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Bashneft Shares Fall After Privatization Delay

The Russian government will now focus on its Rosneft privatization deal.

A worker speaks on the radio at an oil gathering facility owned by Bashneft company. Sergei Karpukhin / Reuters

General shares for Russian state oil giant Bashneft fell by 9.5 percent on Wednesday after the Kremlin announced that the company's privatization would be delayed. The shares, which are traded on the Moscow Stack Exchange, had rebounded slightly by the close of trading.

Preferred shares also fell by 6 percent, while the company’s capitalization fell by 7.5 percent to 482.4 billion rubles ($7.6 billion).

Bashneft’s value skyrocketed following the Kremlin's announcement of the company's privatization, with many investors snatching up shares in the certainty that the government would announce the sale of its stake at a fair value and at a premium to the market price, according to analysts from the Aton Investment Management Company.

After the sale was postponed, a significant number of those investors sold their shares, said Vasily Tanurkov, Deputy Head of Shares Market Management for Veles Capital. Share value might drop further, but not by much, Tanurkov said. “Some might still sell who had resolved not to do so during the initial panic,” he said.

The state had planned to sell its 50.08 percent stake in Bashneft, which had been valued at 306 billion rubles ($4.8 billion) by Ernst & Young.

The government is now set to concentrate on its other major privatization project: selling its shares in the Rosneft oil company, First Deputy Prime Minister Igor Shuvalov said on Wednesday. Parent company Rosneftegaz has until September 1 to present its recommendations for the sale of its 19.5 percent stake in Rosneft.

Officials had earlier hoped to earn 700 billion rubles from the Rosneft sale. “Rosneft is the priority now,” Shuvalov said. “We need to focus on that. After selling the Rosneft stake, we will return to the Bashneft sale.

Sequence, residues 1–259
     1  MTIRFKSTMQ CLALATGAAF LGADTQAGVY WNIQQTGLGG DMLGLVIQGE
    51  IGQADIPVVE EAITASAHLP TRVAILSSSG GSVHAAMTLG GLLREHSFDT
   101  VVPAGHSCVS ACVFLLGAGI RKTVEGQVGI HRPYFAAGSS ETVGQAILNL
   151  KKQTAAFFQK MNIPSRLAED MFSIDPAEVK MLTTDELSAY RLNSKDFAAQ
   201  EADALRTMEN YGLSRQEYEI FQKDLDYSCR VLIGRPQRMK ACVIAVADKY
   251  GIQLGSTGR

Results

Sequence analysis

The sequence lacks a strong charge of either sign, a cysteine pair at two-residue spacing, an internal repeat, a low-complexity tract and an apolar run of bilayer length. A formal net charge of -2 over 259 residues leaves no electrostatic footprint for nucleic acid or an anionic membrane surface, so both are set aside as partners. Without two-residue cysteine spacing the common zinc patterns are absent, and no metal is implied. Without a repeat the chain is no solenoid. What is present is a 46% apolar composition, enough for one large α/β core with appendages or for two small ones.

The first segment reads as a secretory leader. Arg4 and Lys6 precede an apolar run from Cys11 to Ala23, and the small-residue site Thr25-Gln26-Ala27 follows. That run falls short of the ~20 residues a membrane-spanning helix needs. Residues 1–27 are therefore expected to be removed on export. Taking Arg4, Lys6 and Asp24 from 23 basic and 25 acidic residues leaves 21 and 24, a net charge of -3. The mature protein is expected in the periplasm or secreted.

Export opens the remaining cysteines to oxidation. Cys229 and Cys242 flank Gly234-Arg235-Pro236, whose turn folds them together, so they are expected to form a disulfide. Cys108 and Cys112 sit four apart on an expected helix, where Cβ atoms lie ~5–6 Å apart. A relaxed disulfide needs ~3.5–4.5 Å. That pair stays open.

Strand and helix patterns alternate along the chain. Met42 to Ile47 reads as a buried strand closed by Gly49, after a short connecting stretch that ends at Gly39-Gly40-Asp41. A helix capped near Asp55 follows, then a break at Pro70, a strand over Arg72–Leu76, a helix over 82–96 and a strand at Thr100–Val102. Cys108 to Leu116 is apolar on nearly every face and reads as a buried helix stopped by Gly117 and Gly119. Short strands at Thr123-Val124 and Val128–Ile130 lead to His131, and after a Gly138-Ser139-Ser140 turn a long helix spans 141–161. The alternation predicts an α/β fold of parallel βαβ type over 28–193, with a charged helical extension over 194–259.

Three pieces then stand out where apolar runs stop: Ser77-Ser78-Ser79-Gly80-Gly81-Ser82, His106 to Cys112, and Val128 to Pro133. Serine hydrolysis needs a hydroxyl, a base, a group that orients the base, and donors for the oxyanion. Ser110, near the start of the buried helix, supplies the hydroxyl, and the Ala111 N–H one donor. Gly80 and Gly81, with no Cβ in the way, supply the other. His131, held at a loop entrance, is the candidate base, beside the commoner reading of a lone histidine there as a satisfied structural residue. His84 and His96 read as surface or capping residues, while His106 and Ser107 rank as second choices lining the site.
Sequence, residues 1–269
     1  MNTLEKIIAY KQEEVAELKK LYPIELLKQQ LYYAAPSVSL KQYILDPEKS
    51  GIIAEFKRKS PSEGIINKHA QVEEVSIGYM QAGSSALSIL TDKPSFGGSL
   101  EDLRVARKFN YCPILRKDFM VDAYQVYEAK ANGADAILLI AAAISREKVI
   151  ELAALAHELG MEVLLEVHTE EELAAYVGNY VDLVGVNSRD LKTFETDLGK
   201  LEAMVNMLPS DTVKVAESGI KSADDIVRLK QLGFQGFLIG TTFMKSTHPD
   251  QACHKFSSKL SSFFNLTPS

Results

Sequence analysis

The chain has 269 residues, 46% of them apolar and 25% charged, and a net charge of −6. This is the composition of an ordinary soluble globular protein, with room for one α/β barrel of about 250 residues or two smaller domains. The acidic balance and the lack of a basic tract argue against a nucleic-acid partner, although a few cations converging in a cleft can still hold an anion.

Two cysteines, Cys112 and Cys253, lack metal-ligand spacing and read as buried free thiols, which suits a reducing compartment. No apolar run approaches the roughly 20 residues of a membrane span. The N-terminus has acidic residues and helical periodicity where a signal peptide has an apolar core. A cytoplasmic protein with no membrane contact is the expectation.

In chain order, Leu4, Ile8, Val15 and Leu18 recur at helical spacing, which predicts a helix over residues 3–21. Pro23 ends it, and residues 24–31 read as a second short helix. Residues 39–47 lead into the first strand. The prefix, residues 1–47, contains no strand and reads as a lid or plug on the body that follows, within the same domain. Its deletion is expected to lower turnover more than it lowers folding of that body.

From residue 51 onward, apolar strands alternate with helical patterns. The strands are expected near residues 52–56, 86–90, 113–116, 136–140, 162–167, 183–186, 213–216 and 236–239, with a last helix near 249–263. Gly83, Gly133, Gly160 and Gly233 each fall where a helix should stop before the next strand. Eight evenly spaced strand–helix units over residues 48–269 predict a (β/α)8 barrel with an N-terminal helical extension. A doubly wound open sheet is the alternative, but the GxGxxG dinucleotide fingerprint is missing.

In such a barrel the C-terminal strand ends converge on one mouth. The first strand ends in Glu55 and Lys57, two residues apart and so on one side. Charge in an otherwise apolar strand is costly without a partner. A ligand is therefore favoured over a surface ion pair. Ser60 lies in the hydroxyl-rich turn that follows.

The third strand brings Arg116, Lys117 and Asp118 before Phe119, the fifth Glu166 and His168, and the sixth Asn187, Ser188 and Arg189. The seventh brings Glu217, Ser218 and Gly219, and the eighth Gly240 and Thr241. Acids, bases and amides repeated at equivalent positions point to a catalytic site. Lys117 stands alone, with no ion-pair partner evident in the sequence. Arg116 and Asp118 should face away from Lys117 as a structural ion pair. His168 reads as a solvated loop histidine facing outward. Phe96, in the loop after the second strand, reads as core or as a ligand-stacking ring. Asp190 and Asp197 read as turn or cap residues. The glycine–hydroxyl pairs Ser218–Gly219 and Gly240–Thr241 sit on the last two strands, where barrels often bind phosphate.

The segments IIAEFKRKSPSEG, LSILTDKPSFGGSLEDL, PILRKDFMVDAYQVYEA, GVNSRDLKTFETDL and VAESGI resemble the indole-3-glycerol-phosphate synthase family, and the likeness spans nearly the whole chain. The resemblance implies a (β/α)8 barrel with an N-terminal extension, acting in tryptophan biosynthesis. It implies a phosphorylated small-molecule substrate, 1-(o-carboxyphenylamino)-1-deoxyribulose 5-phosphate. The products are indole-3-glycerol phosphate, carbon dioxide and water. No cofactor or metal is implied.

“There are solid bidders and we know how much they are prepared to pay for Bashneft,” Shuvalov said. “We are also looking at recommendations from the leadership of the Republic of Bashkortostan [which also own a 25 percent share in Basneft] on how to best sell the asset.”

Russian banks VTB Capital and Sberbank CIB are in charge of organizing the Bashneft sale. They have announced that potential bidders include Rosneft, Lukoil, Tatneft, the Independent Oil Company, the Russian Direct Investment Fund, the Antipinsky refinery, Tatneftegaz, and the Energy Fund.

“Obviously, this postponement is not a positive signal to the market,” said Sberbank president German Gref. If the authorities clarify their reasons for the decision, it would quell concerns and misunderstandings on the market, he said.

According to the RBC newspaper, the formal reason for delaying the sale was an appeal by the republic of Bashkortostan’s president Rustem Khamitov. The republic currently has a 25 percent stake in the company, and supposedly raised concerns over whether it would be able to fulfill its social obligations to the republic postsale.

Speaking in an interview with the Rossiya 24 TV channel, Bashkortostan President Rustem Khamitov said that it was a mistake privatize Bashneft while the economy was still unstable.

Yet continuing postponement will have serious consequences for the Russian treasury. The Bashneft sale should have brought in up to 315billion rubles ($4.9 billion) to the government coffers — a significant source of income for Russia’s budget in 2016. Instead, the postponed privatization will speed up the depletion of Russia’s reserve fund, which could be depleted before the end of the year.

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